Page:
Certified Classics: Terrence Malick Two-Pack
I have been on a big Terrence Malick kick lately. I don’t know what took me so long, but I hadn’t seen any of his movies until recently. He is a one of a kind filmmaker, and his work represents cinema in its most premium form. You can read my thoughts on his 1998 masterpiece, The Thin Red Line here. Here are a couple more of his films. I still haven’t seen his most recent film, The New World, but that is at the top of my “to do list” for this week.
With Martin Sheen, Sissy Spacek and Warren Oates.
Badlands is the true story of a 1950’s string of murders and the young on-the-run couple responsible for them. Martin Sheen is a good-looking garbage man who falls for a young, naïve girl, played by Sissy Spacek. He’s quite trigger happy, and soon the couple finds themselves hiding out in the woods and running from both bounty hunters and police officers. Sheen’s performance as the mentally unstable, yet smooth talking Kit ranks with his turn in Apocalypse Now as one of his finest works. The film is incredibly violent and graphic for its time and features one of the best car chases that I’ve ever seen. Badlands hints at some of Malick’s trademarks, such as mankind’s connection with nature and thought-provoking voice-overs, but they aren’t developed as profoundly as they are in his later works. All in all, it is still a fantastic début.
RIYL: Natural Born Killers, Kalifornia, True Romance, Bonnie and Clyde.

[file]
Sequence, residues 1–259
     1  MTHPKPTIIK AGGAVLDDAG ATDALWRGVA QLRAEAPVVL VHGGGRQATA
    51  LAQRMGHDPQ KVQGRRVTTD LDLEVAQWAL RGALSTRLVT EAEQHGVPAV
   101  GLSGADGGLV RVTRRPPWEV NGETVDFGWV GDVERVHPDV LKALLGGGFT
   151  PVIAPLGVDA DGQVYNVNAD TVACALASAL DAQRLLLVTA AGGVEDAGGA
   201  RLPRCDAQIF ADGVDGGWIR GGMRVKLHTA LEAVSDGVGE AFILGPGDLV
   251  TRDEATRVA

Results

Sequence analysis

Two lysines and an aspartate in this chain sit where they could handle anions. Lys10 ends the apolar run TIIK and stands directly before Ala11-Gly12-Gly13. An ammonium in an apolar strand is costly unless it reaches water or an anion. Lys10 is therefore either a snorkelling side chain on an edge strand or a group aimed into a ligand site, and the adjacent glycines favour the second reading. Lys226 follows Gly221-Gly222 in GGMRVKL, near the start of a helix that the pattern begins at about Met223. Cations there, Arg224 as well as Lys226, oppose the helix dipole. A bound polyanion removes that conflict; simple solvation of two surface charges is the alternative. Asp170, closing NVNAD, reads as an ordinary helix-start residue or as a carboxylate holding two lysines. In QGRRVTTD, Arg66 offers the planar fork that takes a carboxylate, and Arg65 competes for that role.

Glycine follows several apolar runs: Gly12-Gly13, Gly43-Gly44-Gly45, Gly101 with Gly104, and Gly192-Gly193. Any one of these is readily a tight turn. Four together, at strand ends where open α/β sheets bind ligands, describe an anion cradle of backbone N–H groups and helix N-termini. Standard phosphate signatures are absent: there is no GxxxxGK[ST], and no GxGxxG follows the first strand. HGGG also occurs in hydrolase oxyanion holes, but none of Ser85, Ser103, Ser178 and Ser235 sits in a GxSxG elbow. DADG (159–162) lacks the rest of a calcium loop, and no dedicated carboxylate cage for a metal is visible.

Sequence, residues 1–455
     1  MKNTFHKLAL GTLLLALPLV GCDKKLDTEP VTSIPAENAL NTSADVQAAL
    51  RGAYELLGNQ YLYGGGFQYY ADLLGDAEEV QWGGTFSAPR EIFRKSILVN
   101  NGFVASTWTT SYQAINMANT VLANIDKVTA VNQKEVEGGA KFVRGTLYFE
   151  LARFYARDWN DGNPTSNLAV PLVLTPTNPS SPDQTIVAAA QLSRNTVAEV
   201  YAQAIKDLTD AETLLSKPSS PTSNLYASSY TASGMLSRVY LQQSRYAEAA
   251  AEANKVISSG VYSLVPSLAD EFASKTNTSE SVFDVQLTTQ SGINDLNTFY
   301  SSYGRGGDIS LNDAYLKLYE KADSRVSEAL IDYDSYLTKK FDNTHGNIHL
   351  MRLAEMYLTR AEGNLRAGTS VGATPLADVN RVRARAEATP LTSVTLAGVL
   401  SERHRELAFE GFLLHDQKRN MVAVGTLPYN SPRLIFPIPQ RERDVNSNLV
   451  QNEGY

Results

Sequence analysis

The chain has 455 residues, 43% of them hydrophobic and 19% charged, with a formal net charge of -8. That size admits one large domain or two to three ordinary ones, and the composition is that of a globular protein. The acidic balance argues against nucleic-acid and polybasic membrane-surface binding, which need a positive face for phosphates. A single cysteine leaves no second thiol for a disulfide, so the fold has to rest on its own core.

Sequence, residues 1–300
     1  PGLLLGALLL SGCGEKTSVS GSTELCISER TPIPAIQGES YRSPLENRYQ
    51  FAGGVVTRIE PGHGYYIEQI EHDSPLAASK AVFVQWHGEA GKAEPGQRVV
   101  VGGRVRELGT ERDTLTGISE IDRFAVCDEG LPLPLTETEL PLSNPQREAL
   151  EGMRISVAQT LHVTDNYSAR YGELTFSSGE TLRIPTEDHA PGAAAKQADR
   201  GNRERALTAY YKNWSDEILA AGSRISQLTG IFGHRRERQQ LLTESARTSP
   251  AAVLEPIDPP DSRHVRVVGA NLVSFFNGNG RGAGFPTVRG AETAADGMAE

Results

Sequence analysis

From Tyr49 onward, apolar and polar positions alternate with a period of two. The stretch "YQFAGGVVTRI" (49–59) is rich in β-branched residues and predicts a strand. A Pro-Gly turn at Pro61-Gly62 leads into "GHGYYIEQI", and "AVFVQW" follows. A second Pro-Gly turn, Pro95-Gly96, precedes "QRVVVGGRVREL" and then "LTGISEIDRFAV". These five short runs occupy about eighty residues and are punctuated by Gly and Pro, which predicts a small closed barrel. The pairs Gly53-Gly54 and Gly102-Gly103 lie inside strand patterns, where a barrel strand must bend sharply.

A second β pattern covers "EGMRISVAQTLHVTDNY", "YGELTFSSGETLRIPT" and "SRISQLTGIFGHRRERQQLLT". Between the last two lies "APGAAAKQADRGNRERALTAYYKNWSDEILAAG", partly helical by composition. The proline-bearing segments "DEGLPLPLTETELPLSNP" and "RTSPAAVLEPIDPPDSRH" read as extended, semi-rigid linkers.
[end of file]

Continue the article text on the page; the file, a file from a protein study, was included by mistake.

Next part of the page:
With Richard Gere, Brooke Adams and Sam Shepard
Days of Heaven is the classic story of a love triangle. Richard Gere and Brooke Adams are young lovers that travel around the country together in search of work, but they tell everyone that they are brother and sister. One day they begin working on a farm. Gere’s character eavesdrops on a conversation revealing that the farmer (Sam Shepard) has only a year left to live. Gere tells Adams to pursue the farmer, and coerce him into marrying her. This way, when he dies, they will inherit his land and all their financial struggles will come to a halt. I’m not going to spoil the rest of the movie, but it shouldn’t be too hard to figure out. The movie is only about 90 minutes long, but the scope and sprawling feel of the film bring to mind monumental epics like Reds and The Godfather. The jealousy, suspicion and manipulation are amplified by Malick’s signature imagery that makes every intricacy seem like a major plot development.
RIYL: Legends of the Fall, Lolita, Night of the Hunter.